The energy consumption from Bitcoin mining has been a pressing cause of concern for environmentalists and corporations all over the world. Recently, the Chief Digital Officer of Total, Gilles Cochevelou, tweeted that the consumption of Bitcoin mining now exceeds 30 TWh, which surpasses the electricity needs of Ireland.
The alarming signs do not end there either. The amount of consumption recorded is enough to supplement the energy requirement of Australia by more than 13 percent, which is a shocking feat considering that it’s a whole continent in itself.
As if that’s not all, the rise in energy consumption is reaching breaking point, resulting in blackouts especially in crises ridden countries like Venezuela.
What’s the deal with the energy utilization?
To answer this, we first need to understand what the term “mining” means when it comes to Bitcoins.
Despite the mental image that you get by its usage, Bitcoin Miners are not required to don a miner’s cap. Instead, they need to have their smart-hats on in order to complete a successful mining operation.
What they require:
- Technical prowess
- A rapid understanding of cryptographic algorithms.
- Computers that would put a gaming monster to shame (hence, the extremely high power consumption).
On a daily basis, mining computers receive a list of pending bitcoin transactions that are then turned into a piece of a mathematical equation. This information is shared through the blockchain network by distributed ledger technology (DLT), which allows everyone connected to the network to receive this information simultaneously.
Seeing how multiple miners are at work constantly, the information that is received immediately starts being worked on in order for the puzzle to be solved and for the transactions to be processed as they should.
Why is the process so demanding?
While posting a transaction through Bitcoin is easy, the backend process to complete it is somewhat complicated. Miners not only have to ensure that the transaction is posted but also have to confirm that no user of Bitcoin is spending money that they do not have. This information is then posted to the bitcoin ledger via the blockchain for everyone to see.
When you physically hold cash, you can easily track where you’ve spent it, because the money you spent is not with you anymore and no one will trade services or products with you if you try to hand them cash that is not there. Regardless of your level of mastery in the fine arts of persuasion, you can’t just make cash appear out of thin air, can you? (Not unless you’re the federal reserve).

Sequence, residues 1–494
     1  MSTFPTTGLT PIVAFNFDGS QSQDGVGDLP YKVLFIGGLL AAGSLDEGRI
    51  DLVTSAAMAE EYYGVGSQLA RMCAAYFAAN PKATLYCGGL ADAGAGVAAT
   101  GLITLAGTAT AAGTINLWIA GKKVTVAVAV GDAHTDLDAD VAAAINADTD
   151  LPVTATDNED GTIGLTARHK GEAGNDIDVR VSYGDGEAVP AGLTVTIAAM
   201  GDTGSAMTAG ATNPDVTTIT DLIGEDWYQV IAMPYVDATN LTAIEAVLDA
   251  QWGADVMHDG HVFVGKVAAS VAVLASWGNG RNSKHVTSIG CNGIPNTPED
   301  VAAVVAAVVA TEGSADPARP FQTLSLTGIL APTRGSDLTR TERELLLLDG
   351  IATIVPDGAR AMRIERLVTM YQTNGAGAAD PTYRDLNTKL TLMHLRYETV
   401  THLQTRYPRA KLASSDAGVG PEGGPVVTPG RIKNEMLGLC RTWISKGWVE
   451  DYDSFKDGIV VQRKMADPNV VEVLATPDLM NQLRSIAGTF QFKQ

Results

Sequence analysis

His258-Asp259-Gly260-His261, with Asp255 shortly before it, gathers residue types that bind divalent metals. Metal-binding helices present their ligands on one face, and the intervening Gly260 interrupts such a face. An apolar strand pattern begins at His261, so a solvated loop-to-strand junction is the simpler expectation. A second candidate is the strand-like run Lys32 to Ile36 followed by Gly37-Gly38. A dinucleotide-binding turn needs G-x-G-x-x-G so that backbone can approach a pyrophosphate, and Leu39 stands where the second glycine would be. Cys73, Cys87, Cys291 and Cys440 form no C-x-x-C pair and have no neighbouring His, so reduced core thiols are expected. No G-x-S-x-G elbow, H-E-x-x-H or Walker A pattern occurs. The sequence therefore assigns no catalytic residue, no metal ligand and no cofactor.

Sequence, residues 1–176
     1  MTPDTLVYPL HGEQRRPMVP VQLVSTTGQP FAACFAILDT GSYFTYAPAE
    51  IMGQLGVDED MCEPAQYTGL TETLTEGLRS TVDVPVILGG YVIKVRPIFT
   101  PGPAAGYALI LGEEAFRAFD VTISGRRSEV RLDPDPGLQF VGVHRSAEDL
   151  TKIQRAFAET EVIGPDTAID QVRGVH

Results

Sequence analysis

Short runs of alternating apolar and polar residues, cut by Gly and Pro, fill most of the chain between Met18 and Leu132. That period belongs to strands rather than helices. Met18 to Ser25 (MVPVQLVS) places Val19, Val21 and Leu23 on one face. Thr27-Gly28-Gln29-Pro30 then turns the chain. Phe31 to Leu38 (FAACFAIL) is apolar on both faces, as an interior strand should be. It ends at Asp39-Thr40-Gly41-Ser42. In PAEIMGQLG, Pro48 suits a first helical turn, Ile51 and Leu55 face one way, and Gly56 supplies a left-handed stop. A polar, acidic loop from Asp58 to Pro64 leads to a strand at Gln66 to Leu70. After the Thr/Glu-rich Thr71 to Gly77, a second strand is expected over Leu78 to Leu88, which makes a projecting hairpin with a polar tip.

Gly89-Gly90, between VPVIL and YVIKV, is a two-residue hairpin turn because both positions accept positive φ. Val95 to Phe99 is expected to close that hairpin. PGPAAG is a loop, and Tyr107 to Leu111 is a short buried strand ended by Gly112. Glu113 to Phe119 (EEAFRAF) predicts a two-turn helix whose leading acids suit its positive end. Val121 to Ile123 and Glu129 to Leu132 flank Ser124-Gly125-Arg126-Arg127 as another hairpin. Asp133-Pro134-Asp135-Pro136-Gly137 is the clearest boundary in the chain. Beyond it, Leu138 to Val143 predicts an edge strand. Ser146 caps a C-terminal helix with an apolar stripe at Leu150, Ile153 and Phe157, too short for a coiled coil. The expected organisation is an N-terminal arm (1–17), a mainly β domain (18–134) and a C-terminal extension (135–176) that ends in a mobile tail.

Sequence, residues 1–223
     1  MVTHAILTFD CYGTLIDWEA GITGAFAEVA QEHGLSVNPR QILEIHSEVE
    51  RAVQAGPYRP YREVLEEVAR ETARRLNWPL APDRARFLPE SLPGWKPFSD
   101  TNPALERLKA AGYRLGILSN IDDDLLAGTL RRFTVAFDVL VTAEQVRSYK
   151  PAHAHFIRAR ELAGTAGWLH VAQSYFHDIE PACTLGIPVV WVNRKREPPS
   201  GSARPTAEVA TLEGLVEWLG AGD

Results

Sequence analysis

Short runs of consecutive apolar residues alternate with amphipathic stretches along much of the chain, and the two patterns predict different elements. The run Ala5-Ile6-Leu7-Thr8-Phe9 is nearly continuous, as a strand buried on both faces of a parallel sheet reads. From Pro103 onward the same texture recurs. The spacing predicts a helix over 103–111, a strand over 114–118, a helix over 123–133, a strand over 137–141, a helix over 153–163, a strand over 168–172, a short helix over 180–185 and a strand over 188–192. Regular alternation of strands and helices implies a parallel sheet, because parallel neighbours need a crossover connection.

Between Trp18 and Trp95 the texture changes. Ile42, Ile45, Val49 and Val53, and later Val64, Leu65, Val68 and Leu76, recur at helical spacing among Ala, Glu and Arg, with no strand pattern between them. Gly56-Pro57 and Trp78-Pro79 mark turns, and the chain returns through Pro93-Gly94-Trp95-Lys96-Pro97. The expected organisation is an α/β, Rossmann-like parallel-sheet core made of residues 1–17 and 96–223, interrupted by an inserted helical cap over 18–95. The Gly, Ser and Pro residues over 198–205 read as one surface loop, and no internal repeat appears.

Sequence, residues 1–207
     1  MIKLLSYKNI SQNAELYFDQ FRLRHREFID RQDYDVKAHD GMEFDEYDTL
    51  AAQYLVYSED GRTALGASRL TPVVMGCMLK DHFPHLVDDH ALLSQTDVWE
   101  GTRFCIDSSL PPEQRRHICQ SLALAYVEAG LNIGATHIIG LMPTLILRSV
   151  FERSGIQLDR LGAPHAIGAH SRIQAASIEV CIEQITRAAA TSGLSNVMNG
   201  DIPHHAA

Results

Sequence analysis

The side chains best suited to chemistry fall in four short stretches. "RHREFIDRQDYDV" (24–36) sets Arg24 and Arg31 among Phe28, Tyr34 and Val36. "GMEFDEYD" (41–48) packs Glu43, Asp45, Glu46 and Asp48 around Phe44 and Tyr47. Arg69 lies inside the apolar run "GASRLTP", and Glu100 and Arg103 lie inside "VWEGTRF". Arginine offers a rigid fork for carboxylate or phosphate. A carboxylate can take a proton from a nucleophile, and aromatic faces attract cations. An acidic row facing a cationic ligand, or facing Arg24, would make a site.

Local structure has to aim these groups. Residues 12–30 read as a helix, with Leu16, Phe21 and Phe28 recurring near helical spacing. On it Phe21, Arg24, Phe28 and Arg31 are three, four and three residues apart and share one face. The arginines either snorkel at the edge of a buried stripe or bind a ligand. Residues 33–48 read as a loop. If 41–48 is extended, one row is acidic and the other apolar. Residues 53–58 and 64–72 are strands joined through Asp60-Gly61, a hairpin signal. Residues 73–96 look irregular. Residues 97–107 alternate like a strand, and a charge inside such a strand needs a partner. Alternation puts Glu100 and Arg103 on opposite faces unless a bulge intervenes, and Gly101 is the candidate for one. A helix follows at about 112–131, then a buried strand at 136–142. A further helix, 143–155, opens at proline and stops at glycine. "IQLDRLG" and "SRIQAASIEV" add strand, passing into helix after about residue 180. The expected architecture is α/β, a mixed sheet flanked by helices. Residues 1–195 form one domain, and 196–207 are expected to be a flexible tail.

In terms of digital currencies, this gets a bit complicated because the other party does not have the assurance of seeing a physical proof of funds unless it’s verified by the ledger.
That’s where miners come in. They verify the transactions performed to tell the recipient that the money was indeed processed.
While the process is complex, it only takes a few minutes to be completed at the backend because the pool of miners that are working on the network simultaneously are all highly efficient, and have the added pressure of solving the puzzle first and solving it correctly in order to receive Bitcoins of their own (that’s their reward for verifying the transactions and spending so much time after this process).
The first miner to find the solution registers it on the network to the other miners, who then will verify if the solution was correct and whether the sender of the funds had the money to begin with. When all of this is verified by a certain number of miners, the transaction is added to the ledger. The miners then proceed to the next set of posted transactions, and the process continues.
This whole process takes a certain amount of time and high performing computers to be completed. That is why Bitcoin mining operations have been consuming so much energy lately.
Climate change advocates continue to maintain that the energy consumption for Bitcoin mining will only increase over time. It was also estimated recently that it could increase the complete energy requirement of the whole United States within a short period of 18 months.
However, the projection does not mean that there’s no solution to this problem.
Well, there has to be a solution to this, right?
The Bitcoin community itself is working on a possible resolution to this by developing a blockchain solution called the Lightning Network.
Once fully functional, the Lightning Network is supposed to ideally work in a manner where the users could perform an increased number of transactions without using more power. The solution is yet to be completed, however. It is still difficult to estimate how soon it will be available for fully-fledged Bitcoin mining operations.
Maybe there are other several probable solutions to solve the energy consumption issues related to Bitcoin mining, but none are definite at this point in time.
That being said, one thing is for certain: while Bitcoin is here to stay, so is the high energy consumption and all the issues that come with it. The Bitcoin community is focusing on developing tangible solutions to this because other cryptocurrencies are here to play, and if Bitcoin doesn’t get to maintain its reputation for being the easiest to trade and most problem-free currency of all, then the other big players could take its place.
What’re your thoughts on the whole matter?